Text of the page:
Dismiss Notice
Join Physics Forums Today!
The friendliest, high quality science and math community on the planet! Everyone who loves science is here!

What is a Lagrangian?

  1. Jul 17, 2015 #1
    So i actually have many words that i know of, and are familiar with such as :

    The Hamiltonian Operator
    The Hermitian Operator
    The Lagrangian
    Eigen Values/States

    However, i am struggling with how these things work, and when to apply them, and what they actually mean. Many of the physics lectures i watch tend to glaze over them.

    For simplicity sake, lets just start with the Lagrangian. What exactly is it? When is it applied, and can someone offer an example of its use?
  2. jcsd
  3. Jul 17, 2015 #2
    I will recommend you very highly stanford Leonard Susskind Lectures.I watched Classical Mechanics Lectures 2008 I guess.Perfect explanation of Lagrange.If you know calculus definitly watch it.
  4. Jul 17, 2015 #3
    Ahh ya its funny you say that, that's where i picked up most of those terms, from Susskind's lectures online. Sometimes he just throws around those words and i don't have a clue what they mean.

    I totally skipped his classical mechanics lectures though, i went straight to GR and QM lol! So i'll definetly take your advice to heart and watch those.
  5. Jul 18, 2015 #4


    User Avatar
    Staff Emeritus
    Science Advisor

    The "Hamiltonian" is the total energy operator. The "Lagrangian" is the operator that gives the difference between potential energy and kinetic energy (rather than the sum like the "Hamiltonian").
    There is no operator called "the Hermitian" operator. Any operator is an "Hermitian" operator if it is its own conjugate transpose. In particular, its eigenvalues are always real numbers.

    An "eigenvalue" for an operator, A, is a number, [itex]\lambda[/itex] such that there exist non-zero vectors, v, such that [itex]Av= \lambda v[/itex]. Those vectors are called "eigenvectors". Eigenvectors have the nice property that the operator, restricted to an eigenvector or multiple of an eigenvector is just "multiplying by a number" so very simple. If you can find a basis for your vector space, consisting entirely of eigenvectors, (i.e. an Hermitian operator) the operator can be written in a very simple form.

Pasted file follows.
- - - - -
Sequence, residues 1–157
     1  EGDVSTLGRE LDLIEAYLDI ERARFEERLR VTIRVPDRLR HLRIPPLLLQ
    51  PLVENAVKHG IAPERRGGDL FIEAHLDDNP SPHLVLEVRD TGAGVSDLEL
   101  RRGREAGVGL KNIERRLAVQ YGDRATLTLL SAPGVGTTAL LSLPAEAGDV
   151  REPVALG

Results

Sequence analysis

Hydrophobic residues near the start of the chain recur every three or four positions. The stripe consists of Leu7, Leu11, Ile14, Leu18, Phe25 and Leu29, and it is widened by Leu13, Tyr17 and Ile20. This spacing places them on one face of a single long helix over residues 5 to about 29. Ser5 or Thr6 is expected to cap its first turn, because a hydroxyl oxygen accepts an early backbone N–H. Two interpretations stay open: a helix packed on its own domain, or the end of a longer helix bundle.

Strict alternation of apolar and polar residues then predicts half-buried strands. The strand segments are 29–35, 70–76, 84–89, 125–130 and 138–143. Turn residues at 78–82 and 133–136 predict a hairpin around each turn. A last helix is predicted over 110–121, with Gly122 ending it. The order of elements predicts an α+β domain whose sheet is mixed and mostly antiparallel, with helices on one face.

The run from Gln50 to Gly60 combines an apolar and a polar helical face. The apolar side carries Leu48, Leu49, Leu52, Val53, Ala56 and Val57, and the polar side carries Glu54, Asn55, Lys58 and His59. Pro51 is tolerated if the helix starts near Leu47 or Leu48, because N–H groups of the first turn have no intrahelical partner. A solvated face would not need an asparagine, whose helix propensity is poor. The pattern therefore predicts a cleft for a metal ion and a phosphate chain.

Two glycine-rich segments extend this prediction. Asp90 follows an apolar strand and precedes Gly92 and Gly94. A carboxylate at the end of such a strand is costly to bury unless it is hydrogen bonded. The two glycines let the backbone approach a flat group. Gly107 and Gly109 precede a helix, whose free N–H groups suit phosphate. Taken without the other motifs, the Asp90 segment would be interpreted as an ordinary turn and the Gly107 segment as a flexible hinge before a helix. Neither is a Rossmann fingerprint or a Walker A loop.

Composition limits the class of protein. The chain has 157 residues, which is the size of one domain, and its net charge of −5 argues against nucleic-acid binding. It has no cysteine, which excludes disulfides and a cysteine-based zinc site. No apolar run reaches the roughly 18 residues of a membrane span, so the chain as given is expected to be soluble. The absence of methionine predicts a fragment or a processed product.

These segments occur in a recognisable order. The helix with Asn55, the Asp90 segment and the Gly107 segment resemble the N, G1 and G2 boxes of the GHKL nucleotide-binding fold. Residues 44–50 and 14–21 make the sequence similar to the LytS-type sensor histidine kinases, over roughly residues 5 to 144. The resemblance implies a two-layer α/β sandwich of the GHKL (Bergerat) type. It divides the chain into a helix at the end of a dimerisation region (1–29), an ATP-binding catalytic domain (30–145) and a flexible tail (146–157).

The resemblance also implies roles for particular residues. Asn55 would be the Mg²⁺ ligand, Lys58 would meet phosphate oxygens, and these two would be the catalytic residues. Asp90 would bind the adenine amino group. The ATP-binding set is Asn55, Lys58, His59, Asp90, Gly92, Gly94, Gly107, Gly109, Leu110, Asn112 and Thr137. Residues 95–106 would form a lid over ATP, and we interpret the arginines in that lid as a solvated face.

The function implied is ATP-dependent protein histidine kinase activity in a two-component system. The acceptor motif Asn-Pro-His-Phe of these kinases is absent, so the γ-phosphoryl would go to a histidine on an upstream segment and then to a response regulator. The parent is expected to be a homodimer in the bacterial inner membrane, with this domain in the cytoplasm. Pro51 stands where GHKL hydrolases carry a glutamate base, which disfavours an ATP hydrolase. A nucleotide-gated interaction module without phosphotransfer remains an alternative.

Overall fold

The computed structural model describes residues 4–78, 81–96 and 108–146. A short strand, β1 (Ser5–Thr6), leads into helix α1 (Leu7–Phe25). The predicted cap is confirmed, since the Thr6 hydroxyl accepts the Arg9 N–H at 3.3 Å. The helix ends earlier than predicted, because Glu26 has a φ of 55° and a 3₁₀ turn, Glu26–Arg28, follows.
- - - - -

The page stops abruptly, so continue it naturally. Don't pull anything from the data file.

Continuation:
You can't just "jump" to quantum theory and relativity, ignoring all of the preliminary physics (and mathematics)!
  6. Jul 20, 2015 #5
    A Lagrangian is a function that is used when you take newtonian mechanics using vector methods and such, and reformulate it in an analytic method. To define what it means and such is basically a few lectures worth of material on advanced classical mechanics. In general, it is the Kinetic energy of a system minus its potential energy. When you integrate this function over time you get a scalar called the action. From this point on it gets pretty technical. It's taken as a postulate that varying the action to first order should be 0 for the trajectory of motion. You should read Landau's first book in his series on physics, he derives very beautifully why the lagrangian is what it is by symmetry principles. The hamiltonian is again a reformulation. This time you go from the langrian to the hamiltonian via a legendre transform. the lagrangian does not always have to "look" like the mechanical kinetic energy-potential and the hamiltonian does not always look like the regular mechanical energy of a system.

    You really should get a firm grasp on the subject before moving on. All modern theories are formulated in terms of Action and lagrangian formalisms. This inlcludes quantum field theory and string theory. General Relativity also has an action formulation.
  7. Jul 20, 2015 #6
    The Lagrangian is an object called a functional, a device that returns a number for any given function. For instance, a definite integral is a simple case of functional. We also have the functional derivative, which explains how the value of the functional will change when the function put into it is changed, defined:

    (δF[f(x)]/δf(x)) = limε→0 (1/ε)(F[f(y) + εδ(x - y)] - F[f(y)]) Where F is some functional, f(x) some function, y is a dummy variable, and δ(x-y) is a Dirac delta function. The subject of calculus of variations deals with operations on functionals.

    When you're considering the trajectory of a particle, there are two functionals you want to think of: the averages over some duration τ of potential energy V and kinetic energy T of a particle following a trajectory x(t) connecting two points a and b. These are defined: